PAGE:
What’s on YOUR Walls?
Last week I visited a local elementary school that felt warm and welcoming as soon as I walked in the door. Kids’ work is everywhere. Artwork, stories, and math solutions are posted in the halls, in the cafeteria, and on the classroom walls. Science projects are displayed on tables. In the main office hang a dozen or so framed pictures produced by kids. “Welcome parents and visitors!” says the big sign by the front door. “Please stop in our main office before going to classrooms.” It’s an entirely different tone from the usual “Visitors must report to the main office.”
On the other end of the continuum is the classroom of a math teacher I once supervised that had all the warmth of a bus station or an unfinished basement. The walls were completely bare; only office notices were tacked haphazardly to a small bulletin board. On the teacher’s desk were no personal items, not even a note pad, let alone family pictures, yet he’d taught all day in that same room for over 10 years. As it turned out, the room accurately reflected his attitude towards his work: it was a job, not a profession.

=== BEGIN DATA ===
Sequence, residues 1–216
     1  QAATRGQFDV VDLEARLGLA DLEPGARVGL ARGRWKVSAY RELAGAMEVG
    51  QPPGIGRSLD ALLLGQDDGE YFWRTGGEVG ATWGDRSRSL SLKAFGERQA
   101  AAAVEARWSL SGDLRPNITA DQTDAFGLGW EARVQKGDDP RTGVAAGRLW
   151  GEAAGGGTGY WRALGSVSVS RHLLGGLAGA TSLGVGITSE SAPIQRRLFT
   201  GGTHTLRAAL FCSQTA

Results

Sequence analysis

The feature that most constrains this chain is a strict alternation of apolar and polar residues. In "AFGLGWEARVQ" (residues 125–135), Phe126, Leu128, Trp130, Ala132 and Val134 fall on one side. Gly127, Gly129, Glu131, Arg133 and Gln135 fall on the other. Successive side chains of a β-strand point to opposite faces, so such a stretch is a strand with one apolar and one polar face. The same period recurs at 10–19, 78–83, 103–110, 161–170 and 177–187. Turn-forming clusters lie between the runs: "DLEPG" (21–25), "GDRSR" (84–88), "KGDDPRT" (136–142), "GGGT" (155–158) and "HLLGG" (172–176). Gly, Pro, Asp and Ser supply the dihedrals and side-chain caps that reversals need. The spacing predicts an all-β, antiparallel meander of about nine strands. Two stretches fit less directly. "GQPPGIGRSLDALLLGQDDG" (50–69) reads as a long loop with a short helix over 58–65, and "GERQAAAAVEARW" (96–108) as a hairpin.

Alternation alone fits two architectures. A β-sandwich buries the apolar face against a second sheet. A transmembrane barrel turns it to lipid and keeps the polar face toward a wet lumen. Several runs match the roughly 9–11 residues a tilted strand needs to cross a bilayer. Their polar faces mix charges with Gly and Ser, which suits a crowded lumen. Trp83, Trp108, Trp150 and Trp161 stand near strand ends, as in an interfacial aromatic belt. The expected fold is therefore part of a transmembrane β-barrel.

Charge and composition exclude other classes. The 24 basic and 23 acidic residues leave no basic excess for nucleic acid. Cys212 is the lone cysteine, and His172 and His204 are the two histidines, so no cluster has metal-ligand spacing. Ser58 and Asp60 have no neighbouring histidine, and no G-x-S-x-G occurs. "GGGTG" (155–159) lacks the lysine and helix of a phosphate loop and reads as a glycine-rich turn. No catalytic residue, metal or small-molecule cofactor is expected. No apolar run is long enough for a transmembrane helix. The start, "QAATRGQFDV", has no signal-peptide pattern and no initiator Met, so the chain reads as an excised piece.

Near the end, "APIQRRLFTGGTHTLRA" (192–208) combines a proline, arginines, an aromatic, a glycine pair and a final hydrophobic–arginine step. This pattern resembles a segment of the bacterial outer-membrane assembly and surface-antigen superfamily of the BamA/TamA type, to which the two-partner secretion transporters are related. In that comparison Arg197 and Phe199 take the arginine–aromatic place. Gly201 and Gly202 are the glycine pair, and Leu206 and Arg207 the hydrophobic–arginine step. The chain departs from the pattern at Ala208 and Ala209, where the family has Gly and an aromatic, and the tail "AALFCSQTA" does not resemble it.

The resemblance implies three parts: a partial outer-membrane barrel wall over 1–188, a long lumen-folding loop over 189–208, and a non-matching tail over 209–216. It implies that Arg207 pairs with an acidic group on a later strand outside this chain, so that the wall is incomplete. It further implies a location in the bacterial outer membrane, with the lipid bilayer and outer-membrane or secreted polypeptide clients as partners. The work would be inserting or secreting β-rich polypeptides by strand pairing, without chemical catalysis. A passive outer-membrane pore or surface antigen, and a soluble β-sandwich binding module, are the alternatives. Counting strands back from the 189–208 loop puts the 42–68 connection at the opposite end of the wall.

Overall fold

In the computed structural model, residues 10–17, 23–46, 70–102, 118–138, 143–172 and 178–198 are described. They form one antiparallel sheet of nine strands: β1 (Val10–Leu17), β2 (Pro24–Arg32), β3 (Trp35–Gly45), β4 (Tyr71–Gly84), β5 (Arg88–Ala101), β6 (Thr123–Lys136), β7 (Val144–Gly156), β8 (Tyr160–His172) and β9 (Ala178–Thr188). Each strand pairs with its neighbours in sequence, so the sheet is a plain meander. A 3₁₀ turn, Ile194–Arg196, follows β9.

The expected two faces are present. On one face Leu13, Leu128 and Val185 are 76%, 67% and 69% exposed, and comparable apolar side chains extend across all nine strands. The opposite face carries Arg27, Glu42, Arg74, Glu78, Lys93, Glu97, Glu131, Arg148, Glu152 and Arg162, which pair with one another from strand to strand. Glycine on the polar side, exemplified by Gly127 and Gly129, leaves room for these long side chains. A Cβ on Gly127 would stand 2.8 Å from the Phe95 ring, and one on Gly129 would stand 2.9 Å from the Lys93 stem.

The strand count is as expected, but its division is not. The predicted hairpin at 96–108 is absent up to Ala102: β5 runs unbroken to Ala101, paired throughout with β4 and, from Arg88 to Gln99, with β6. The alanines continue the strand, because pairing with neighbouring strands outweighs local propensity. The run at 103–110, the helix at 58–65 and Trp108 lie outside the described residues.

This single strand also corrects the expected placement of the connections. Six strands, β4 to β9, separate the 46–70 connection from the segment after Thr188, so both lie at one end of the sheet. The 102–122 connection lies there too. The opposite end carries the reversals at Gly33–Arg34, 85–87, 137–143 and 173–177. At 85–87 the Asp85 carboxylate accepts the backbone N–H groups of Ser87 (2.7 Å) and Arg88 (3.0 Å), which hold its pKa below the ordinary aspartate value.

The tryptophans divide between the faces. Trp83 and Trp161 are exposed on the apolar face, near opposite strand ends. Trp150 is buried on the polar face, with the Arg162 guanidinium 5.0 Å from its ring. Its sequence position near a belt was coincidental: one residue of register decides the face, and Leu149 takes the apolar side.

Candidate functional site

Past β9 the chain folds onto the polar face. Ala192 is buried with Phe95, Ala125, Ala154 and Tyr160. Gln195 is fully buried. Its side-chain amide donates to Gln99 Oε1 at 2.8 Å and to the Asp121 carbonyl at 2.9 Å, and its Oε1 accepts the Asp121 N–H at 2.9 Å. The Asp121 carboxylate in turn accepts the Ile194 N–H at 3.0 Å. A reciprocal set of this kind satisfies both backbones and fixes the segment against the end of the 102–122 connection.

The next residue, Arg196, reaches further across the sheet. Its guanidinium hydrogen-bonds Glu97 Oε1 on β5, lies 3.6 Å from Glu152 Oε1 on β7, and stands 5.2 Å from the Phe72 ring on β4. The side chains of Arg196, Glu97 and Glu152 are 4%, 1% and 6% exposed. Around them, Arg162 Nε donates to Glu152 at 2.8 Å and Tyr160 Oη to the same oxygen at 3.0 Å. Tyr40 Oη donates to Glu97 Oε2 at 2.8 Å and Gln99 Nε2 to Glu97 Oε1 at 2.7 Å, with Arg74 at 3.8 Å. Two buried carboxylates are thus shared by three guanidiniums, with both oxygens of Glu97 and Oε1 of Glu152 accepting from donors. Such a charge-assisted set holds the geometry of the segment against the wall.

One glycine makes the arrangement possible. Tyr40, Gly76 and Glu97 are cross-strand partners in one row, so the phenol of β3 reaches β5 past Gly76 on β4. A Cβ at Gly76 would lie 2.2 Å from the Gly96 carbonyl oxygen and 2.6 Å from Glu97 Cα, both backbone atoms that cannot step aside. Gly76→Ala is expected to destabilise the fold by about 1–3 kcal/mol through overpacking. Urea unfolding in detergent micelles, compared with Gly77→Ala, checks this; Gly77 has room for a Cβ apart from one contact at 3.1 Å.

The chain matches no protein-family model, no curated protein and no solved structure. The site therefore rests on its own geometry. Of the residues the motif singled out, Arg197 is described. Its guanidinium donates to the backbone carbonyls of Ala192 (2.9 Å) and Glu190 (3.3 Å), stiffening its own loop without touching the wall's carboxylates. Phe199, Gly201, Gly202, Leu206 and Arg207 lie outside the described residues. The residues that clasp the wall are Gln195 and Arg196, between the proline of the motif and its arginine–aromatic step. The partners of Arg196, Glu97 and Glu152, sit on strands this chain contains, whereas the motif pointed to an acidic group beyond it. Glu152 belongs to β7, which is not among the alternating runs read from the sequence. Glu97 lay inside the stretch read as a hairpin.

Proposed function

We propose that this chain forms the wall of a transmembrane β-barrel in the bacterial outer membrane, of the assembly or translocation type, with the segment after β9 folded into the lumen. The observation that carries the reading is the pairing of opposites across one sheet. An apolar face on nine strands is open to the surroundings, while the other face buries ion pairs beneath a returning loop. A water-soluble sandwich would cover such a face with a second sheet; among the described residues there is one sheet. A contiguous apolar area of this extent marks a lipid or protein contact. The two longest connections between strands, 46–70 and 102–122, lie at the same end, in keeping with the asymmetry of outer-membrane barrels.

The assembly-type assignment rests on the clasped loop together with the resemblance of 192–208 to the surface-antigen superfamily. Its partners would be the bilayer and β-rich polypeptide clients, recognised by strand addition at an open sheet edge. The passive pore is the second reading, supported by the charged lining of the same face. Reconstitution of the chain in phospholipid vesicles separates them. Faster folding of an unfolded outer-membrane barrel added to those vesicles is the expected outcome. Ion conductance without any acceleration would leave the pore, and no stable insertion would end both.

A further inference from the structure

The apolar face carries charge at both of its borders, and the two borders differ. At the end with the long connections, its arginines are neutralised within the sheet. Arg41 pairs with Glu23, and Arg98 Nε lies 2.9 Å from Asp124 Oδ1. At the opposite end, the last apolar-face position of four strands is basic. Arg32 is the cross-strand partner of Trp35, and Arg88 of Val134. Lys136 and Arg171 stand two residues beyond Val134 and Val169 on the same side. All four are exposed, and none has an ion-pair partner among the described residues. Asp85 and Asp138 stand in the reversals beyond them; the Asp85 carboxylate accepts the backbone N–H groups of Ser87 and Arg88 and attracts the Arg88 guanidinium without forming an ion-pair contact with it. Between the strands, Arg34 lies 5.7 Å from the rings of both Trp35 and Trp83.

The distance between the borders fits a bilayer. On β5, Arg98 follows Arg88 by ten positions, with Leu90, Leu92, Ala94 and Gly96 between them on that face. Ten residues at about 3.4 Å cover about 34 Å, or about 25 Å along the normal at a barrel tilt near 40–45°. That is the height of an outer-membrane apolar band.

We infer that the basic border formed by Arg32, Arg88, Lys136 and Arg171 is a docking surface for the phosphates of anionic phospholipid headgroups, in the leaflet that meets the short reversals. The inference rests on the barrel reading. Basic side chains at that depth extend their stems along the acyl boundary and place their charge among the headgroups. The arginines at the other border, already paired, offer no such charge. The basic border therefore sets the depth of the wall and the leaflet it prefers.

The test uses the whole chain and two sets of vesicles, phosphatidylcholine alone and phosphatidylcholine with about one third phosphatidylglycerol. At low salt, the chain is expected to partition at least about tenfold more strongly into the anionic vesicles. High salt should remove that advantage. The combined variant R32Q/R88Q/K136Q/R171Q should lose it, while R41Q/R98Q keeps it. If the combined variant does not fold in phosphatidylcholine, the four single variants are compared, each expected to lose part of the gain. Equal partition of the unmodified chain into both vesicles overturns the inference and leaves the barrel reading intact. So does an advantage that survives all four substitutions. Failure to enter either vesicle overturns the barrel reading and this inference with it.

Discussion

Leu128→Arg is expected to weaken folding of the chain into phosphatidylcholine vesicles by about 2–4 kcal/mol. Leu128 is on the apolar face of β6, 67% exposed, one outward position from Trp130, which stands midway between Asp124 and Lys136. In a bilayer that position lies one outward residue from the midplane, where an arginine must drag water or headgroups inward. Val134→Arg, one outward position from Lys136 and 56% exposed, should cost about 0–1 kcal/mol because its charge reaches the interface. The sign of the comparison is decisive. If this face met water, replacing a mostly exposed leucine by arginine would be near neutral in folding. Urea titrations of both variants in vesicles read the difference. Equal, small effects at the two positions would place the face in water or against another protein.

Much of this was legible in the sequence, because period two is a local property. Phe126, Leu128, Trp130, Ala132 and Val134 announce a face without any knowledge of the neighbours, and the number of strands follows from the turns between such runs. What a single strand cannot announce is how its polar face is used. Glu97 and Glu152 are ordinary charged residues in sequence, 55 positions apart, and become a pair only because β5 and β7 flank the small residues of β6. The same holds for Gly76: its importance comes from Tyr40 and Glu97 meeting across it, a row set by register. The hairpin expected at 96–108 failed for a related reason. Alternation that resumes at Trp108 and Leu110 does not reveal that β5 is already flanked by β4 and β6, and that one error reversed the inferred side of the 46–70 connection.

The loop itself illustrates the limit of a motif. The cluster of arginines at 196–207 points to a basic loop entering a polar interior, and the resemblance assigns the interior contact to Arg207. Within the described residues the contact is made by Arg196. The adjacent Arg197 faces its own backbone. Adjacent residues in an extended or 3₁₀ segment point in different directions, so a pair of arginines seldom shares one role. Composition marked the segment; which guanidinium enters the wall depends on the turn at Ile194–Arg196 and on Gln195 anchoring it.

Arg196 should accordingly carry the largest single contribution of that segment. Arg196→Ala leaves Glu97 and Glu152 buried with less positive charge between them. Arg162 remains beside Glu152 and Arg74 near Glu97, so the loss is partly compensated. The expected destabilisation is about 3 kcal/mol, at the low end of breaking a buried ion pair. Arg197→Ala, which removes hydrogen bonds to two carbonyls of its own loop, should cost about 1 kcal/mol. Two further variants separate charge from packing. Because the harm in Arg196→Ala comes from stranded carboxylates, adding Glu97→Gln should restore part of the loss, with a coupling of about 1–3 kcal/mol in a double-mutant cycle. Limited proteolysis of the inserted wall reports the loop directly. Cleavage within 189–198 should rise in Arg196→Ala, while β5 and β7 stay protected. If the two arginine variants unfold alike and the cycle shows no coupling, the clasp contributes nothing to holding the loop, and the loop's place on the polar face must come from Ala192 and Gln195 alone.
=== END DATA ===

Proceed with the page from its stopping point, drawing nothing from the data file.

Exhibiting kids’ authentic work acknowledges them as partners in learning says Alfie Kohn, who put together a chart called, “What to Look for in a Classroom.” The chart is divided into two columns: “Good Signs” and “Possible Reasons to Worry.” While the good signs include kids’ work, reasons to worry include performance charts and lists of rules. Thankfully, most schools have abandoned the practice of posting kids’ grades, although I still see in some classrooms lists of kids’ names and checks for the number of books they’ve read or math quizzes they’ve passed.
Some schools allow kids to paint the walls with their own designs or illustrations. While this idea might leave some administrators aghast, others embrace the idea, buy the paint, and let the kids become muralists. In one school I allowed the biology students to paint a sea filled with fish and other sea animals (including Sponge Bob) in a stairwell. The library club’s mural depicted some of their favorite characters from literature on the walls near the library. Each senior class painted the same wall every year with its own design; during the summer the wall was painted over and the next year’s class started fresh.
The walls can talk, and they tell students, faculty, parents, and visitors about your school’s culture -- what it values and celebrates. Kohn is right; when kids’ work is displayed, they take pride in accomplishment. It feels like it’s their school, and it is.